Not even two years ago, finding a 5G-enabled smartphone in the United States was both difficult and not worth the effort. The networks were either nascent or nonexistent, and the number of devices that actually supported 5G was stunningly low. Lord, how times have changed.

Even if 5G networks are still hit-or-miss depending on where you live, you can at least get a 5G phone without breaking the bank now. That’s definitely true of the new Moto G Stylus 5G, an updated version of the $299 Moto G Stylus. To its credit, Moto didn’t just slap on an extra $100 for the privilege of faster network speeds, as this new phone also packs more memory, a massive battery, and a new rear quad-camera array. As the name suggests, it’s also got a pressure-sensitive stylus for all your creative types.

At just $399, the Moto G Stylus 5G can sure do a lot, but is it good at any of it?

Would’ve preferred a short king

The display is big and sharp. Emphasis on "big."
The display is big and sharp. Emphasis on “big.”

The first thing anyone who gets the Stylus 5G will notice is how immense it feels in their hands. At 6.8-inches, the full HD display is bright and sharp, though the refresh rate is stuck at 60Hz. It’ll be a little while before more mid-range phones go up to 90Hz or higher, it seems. It’s a very nice display for the price, but the size is a pretty big turn-off for me, personally. I like to do everything one-handed with a phone and the Stylus 5G’s impressively large footprint makes that difficult, even as someone who doesn’t have small hands.

Moto didn’t rock the boat too much with the rest of the Stylus 5G’s physical features. To the right of the display are conventional volume and power buttons, with a SIM tray on the opposite side. A hole-punch front camera sits in the upper-left corner of the screen, and on the bottom of the phone you’ll find a USB-C port for charging, a chamber for the stylus, and (imagine a drumroll here for maximum excitement) a 3.5mm headphone jack. Yes, they still make phones with headphone jacks. The sky hasn’t fallen yet.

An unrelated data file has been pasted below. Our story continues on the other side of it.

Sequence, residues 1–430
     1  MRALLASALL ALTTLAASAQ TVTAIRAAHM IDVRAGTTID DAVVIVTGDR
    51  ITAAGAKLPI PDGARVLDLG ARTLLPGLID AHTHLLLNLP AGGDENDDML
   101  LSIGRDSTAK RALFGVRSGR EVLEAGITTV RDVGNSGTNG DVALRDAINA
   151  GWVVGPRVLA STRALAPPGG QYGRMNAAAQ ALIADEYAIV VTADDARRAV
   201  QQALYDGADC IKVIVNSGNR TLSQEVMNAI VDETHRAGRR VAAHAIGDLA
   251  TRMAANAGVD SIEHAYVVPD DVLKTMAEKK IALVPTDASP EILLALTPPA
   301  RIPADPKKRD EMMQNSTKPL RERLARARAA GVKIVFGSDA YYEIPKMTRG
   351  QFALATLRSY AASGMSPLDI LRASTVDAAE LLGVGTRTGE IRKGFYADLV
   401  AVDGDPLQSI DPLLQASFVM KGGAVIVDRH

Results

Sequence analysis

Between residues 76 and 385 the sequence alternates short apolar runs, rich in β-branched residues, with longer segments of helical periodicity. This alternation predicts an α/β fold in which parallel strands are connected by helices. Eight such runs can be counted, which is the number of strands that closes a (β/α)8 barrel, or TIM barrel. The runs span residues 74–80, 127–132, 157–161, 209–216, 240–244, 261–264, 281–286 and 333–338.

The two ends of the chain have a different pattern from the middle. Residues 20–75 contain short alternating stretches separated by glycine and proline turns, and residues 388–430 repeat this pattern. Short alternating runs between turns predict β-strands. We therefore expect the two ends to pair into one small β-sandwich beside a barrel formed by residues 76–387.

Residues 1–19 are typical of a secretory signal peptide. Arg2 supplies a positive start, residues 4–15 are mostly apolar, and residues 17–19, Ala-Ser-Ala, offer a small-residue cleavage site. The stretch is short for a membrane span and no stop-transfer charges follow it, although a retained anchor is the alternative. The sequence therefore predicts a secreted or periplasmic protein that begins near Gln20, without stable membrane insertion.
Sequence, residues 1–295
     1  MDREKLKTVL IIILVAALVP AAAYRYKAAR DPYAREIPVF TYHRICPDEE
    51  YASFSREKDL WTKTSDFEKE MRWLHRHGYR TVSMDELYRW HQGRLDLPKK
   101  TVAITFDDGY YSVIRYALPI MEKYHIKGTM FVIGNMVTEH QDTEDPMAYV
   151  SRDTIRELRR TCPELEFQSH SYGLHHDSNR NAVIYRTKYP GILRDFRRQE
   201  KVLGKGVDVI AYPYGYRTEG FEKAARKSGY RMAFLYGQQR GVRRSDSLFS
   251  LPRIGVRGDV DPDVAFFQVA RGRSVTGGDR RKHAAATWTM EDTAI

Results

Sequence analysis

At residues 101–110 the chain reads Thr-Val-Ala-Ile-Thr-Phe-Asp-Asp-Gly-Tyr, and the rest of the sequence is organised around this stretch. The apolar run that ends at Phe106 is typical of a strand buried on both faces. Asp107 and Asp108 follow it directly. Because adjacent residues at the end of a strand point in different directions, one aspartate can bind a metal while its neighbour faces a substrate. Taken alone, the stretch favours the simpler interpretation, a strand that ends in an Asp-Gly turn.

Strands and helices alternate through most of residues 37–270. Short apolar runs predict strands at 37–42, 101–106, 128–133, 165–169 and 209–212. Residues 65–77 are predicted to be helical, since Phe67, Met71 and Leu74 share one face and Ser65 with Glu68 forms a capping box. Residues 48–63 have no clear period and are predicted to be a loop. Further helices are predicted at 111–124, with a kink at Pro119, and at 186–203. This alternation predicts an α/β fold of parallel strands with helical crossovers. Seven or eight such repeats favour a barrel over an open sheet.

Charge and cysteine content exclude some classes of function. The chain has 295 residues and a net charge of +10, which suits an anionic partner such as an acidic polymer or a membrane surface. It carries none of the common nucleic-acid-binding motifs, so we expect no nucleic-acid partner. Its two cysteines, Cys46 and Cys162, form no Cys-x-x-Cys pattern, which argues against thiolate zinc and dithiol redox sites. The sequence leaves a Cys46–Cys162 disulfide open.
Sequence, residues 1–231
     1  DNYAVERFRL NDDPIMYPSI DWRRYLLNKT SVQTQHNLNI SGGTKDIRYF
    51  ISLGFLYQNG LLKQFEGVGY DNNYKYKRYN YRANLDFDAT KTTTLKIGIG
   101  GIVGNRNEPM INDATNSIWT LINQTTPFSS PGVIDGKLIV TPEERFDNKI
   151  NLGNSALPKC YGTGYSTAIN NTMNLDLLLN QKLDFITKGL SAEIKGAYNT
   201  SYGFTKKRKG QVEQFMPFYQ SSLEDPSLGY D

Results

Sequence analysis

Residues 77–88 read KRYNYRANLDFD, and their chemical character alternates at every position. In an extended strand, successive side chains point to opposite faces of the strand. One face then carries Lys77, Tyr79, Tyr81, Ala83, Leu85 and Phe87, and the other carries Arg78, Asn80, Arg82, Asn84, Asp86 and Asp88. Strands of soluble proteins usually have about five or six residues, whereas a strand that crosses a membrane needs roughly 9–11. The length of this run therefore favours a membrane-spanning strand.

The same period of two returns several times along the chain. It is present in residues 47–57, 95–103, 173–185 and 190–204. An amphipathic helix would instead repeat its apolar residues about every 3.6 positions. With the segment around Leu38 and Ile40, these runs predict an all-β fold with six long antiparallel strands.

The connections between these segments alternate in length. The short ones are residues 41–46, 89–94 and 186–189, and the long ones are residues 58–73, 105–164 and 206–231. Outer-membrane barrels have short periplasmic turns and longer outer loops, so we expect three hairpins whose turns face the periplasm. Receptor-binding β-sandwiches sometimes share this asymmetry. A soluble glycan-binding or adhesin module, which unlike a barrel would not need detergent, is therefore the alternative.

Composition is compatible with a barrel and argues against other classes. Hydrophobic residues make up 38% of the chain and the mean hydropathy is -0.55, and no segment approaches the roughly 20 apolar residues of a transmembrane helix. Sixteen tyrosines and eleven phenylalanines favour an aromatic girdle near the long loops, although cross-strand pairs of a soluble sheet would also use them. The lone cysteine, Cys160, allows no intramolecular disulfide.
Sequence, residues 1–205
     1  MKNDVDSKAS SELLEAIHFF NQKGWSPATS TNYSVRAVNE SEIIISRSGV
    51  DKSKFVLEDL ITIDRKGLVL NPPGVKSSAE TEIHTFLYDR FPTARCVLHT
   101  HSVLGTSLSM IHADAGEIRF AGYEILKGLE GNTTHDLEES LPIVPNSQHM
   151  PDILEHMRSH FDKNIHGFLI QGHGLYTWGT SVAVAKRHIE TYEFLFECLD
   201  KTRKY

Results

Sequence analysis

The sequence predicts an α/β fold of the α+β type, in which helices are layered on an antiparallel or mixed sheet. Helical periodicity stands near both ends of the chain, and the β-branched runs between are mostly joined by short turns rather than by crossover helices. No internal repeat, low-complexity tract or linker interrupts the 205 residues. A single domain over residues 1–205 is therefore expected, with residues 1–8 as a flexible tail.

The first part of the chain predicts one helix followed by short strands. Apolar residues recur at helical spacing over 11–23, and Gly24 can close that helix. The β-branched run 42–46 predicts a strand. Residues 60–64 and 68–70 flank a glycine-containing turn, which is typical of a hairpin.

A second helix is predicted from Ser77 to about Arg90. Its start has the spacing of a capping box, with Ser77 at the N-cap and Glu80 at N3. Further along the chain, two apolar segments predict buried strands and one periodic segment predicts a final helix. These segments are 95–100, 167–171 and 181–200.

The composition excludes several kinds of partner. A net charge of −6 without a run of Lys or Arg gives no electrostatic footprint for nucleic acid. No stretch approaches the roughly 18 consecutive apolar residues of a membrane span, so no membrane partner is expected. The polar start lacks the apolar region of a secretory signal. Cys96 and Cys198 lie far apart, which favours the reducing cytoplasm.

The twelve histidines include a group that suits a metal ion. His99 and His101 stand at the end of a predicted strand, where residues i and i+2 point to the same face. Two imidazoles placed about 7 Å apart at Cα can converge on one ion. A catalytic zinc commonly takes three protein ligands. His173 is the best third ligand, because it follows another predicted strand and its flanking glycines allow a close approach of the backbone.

There’s also a fingerprint sensor centered on the upper back of the phone. Even as someone who has had trouble with biometrics before (my fingers are weird, I guess), I was pretty pleased with how well the sensor here works. When I remembered to use it, I never had to give up and input the PIN to unlock the phone. Unfortunately, the Stylus 5G’s size is a problem here, too, as it isn’t really possible for me to reach the sensor with my index finger while holding the phone the way one normally holds a phone. You’ve either got to two-hand it or assume a weird hand stance for a few seconds. It’s not ideal, especially with the lack of a face unlocking feature.

Previously, the non-5G version of this phone topped out at 128GB of storage and 4GB of RAM. Moto bumped up those specs a bit, with the Stylus 5G going up to 256GB and 6GB, respectively. Battery life has also gotten a serious upgrade, with a 5,000mAh engine fueling the Stylus 5G. That’s up from 4,000mAh in the last model. More on how well it works later, but just know that it’s a very large battery for the price.

There were four cameras on the back of the older Moto G Stylus and that setup hasn’t changed here, though they’ve been arranged into a square bump rather than the rectangular one from last time. A 48MP main lens is joined by a 5MP macro lens, an 8MP ultra-wide lens, and a 2MP depth sensor for portrait photography. The aforementioned hole-punch front-facing camera is 16MP. 

The Moto G Stylus 5G also comes in only one color right now: “Cosmic Emerald.” There’s no denying that this mid-range phone looks and feels more expensive than it is thanks to a gigantic display, a ton of cameras, and some upgraded specs. However, the low price and its associated performance trade-offs become more apparent when you actually use the thing.

Middling performance and stylus styling

Quad-cameras and a fingerprint sensor
Quad-cameras and a fingerprint sensor

Roughly 95 percent of the time, the Moto G Stylus 5G is a pretty normal Android 11 device. Moto didn’t fill it with too much proprietary bloatware or anything like that, which is a plus. When used as a conventional Android phone, the Stylus 5G mostly gets the job done, but a mid-range price means mid-range performance.

I put the Stylus 5G through Geekbench‘s benchmarking app, which simulates a bunch of different common smartphone applications to measure a phone’s CPU performance, which is then compiled into a score. With a multi-core score of 1,633, the Stylus 5G comes well short of expensive flagships like the Samsung Galaxy S21, which scores 3,176 using the same testing methods.